Strive to make customization a process of configuration. Avoid code-heavy methods of customization. (Unless your target persona is a developer, in which case, go nuts!)
Messaging Is Speaking The Wrong Language
Messaging that focuses on the technical aspects of a product when targeting business users is a common B2B misstep. This leads to poor awareness of the product’s business capabilities and may influence the buyer to believe the product is too complex for their case.
A business process improvement specialist shared their frustrations about sellers assuming that business users are also IT experts. “The business user pops in there and says, “Wait a minute, this feels like that IT mumbo jumbo that IT typically speaks at us. That makes no sense to us and we just shut down,” they said.
The same problem can appear when marketing overemphasizes the business angle when they should be targeting IT buyers.
Whose Problem Is This?
- Sellers during sales pitches.
- All facets of marketing.
- Marketers tasked with lead gen especially.
- Vendors entering a new market (vertical or solution-specific).
Talk to buyers in a language they’ll understand.
Messaging and positioning testing, buyer’s journey mapping, buyer persona, and go-to-market studies are specifically designed to inform customer targeting efforts. These research efforts explore all facets of the B2B buyer’s purchasing experience.
Star-Crossed Use Cases
Sometimes it’s just not a great fit.
Ideally, your sales team spends their time pitching to buyers whose needs match the solution’s key features and core competency. But that isn’t always the case.
Yes, it can be hard to retreat after investing time and effort in a target buyer. However, it’s much smarter to leave a doomed deal and refocus your energies where they will be more successful.
As one IT manager told us, “The partner was really wanting to get into customizations and how we can make this work for our business. We were taking the approach of, ‘Well, we want this product to work for us in a way that it’s designed for [rather than] trying to make this product work for us by forcing [it] to use our processes.’”
It’s essential for sales to recognize a doomed deal early in the relationship with a potential customer. That way, sales can refocus on buyers that would benefit from the solution’s core competency and features. You know, deals they might actually win.
At the same time, don’t make the buyer feel ditched. Be honest that you’re not a fit, leave them in a good place, and re-engage with other products down the road that are more in the sweet spot.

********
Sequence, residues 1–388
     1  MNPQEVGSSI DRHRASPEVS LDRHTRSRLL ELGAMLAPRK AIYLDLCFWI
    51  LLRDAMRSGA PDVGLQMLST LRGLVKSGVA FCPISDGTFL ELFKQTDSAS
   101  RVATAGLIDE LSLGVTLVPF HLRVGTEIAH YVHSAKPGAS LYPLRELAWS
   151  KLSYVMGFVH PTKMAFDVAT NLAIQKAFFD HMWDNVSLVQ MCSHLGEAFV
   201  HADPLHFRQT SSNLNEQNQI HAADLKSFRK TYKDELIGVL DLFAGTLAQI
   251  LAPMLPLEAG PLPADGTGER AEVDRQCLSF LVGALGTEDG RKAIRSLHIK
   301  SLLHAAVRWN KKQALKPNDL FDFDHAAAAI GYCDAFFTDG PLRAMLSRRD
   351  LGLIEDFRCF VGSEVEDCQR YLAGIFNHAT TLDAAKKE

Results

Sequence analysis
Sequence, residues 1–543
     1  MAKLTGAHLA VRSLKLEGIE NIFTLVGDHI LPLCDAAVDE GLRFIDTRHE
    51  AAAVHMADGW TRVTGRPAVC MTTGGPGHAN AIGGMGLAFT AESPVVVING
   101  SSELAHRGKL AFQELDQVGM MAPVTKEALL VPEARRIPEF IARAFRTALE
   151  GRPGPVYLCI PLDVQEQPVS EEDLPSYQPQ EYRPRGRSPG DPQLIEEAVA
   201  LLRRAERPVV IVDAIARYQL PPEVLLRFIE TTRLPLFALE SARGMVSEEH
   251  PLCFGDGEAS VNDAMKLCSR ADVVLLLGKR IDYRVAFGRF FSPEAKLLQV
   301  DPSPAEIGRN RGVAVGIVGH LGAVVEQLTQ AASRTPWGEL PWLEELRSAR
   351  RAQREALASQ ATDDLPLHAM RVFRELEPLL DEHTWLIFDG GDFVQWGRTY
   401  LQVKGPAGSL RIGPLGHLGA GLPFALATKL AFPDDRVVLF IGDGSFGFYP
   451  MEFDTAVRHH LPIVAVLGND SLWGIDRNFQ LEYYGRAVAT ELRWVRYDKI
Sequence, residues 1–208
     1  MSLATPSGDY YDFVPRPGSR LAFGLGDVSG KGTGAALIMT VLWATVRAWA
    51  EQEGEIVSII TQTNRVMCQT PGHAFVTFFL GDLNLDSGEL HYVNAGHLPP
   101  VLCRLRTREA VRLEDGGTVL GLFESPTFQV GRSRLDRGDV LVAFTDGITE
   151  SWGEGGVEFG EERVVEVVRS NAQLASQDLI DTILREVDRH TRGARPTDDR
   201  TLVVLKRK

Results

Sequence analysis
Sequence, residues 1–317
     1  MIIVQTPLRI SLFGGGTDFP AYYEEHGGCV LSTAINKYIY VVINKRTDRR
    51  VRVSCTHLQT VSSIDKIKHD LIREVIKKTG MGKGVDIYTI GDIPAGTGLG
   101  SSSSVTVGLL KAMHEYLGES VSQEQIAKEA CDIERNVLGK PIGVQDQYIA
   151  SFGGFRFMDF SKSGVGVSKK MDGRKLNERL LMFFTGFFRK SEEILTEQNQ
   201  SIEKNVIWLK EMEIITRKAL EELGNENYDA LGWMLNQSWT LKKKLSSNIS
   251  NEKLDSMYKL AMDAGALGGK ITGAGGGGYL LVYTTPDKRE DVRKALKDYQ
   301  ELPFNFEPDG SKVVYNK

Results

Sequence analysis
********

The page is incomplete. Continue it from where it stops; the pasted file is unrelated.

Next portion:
Success comes from fitting the product to the customer, not the customer to the product or service.
Whose Problem Is This?
- Product teams during the design process. It’s best to design for specific “jobs to be done” rather than just shooting for the moon.
- Sales when deciding which customers to prioritize. Devote the most time and effort to buyers that benefit from the product’s core competency.
If you’re building a product for a particular buyer persona, make sure you have a firm grasp of their “jobs to be done” that need to be accomplished via your solution.
Target buyers that have a need that can be met by the core competencies of your product or service.
Customer journey mapping, key buying criteria and market opportunity assessments uncover why buyers are looking for a product or service in the first place. This research determines the functionalities needed to accomplish buyers’ “jobs to be done” along with the features that customers prioritize the most.
Turn Loss Into A Strategic Gain
Each lost deal, when properly analyzed, yields useful information to hone your product, sales, and marketing strategies.
It all boils down to understanding buyers’ wants and, more importantly, their needs. This insight gives you the ability to:
- Determine which customers to target.
- Strategize ways to expand existing customer accounts and form lasting relationships with new customers.
- Build products that satisfy buyers’ “jobs to be done.”
- Create solutions that don’t give and charge buyers way more than they need or want.
- Use messaging that speaks to buyers in terms they understand.
- Offer pricing model options that will appeal to target customers.
- Recognize use cases that aren’t a good fit and devote sales efforts elsewhere.
Want to turn your lost deal into an insight gain? Get in touch.
Research for this analysis was conducted by Jacob Dittmer, Tyler Honsinger, and Scott Swigart. Learn more about our research for B2B technology companies.